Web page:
Thus, because we conclude that observations of activity in appellant's basement were properly included in Agent Driver's affidavit, we find that probable cause existed to issue the search warrant in question. Appellant's conviction is accordingly
SIMPSON, Circuit Judge, dissenting:
I cannot agree with the majority.
It is hard to visualize circumstances falling more clearly within the "reasonable expectation of privacy" standards of Katz v. United States, 389 U.S. 347, 88 S. Ct. 507, 19 L. Ed. 2d 576 (1967), than those presented by this appeal.
The three months long nightly observation of Dr. Walker Whaley's home was a continuous warrantless search, violative of the Fourth Amendment.
The Whaley residence was located in a secluded area and its basement was impossible to see into from any place where strangers could be expected to be. In order to conduct their surveillance the government agents entered adjoining property and descended a wooded canal bank to a spot at the edge of a private canal. They were able from there, aided by the use of binoculars1 to look into the Whaley basement windows which were not curtained.
The view obtained was poles apart from a constitutional plain view and not preclusive of a reasonable expectation of privacy.
I respectfully dissent.
The chemists noted that only two of the ingredients for the manufacture of cocaine, fuming sulfuric acid and benzoyl chloride, were not ordered. Sulfuric acid, however, was readily available in Jacksonville, Florida, and DEA agents later learned that appellant, a physician, had ordered this acid from his hospital pharmacy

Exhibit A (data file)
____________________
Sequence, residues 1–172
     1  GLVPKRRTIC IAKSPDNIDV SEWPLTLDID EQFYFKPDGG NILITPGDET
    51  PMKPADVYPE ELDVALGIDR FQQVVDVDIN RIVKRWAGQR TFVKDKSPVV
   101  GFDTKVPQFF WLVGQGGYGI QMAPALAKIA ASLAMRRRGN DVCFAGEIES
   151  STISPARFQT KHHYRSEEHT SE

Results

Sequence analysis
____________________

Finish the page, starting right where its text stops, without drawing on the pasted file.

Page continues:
Surveillance was limited to nighttime activity for two reasons: first, the agents did not want to risk being seen and, second, it appeared that the laboratory activity normally occurred at night
The manufacture of synthetic cocaine is an eight-stage chemical process. Some of the activities of the two Whaley brothers observed by the surveilling agents appeared to correspond to certain stages of this process. The progression of stages in manufacturing cocaine was corroborated, for example, when on February 10-11, 1983, Jonathan Whaley was observed pouring a white powder into a flask, frequently checking the temperature and adding ice to the area below the top of the flask. A DEA chemist noted that the "ice-bath procedure" resembled the fifth stage, the manufacture of 2-carbomethoxytropeinone. A few days later, agents spotted Jonathan Whaley's car at Rowlab, a local chemical supply company, and by looking into his car saw a box of test tubes with a Rowlab invoice. According to the DEA chemist, test tubes were utilized in the sixth stage of manufacturing cocaine
This was the fifth search warrant Agent Driver obtained. The first search warrant was issued on February 13, 1983, and Driver applied for a new warrant each time the previous warrant expired. The first four warrants were never executed for reasons not pertinent to this appeal
This was a superseding indictment, the first indictment having been returned on April 19, 1983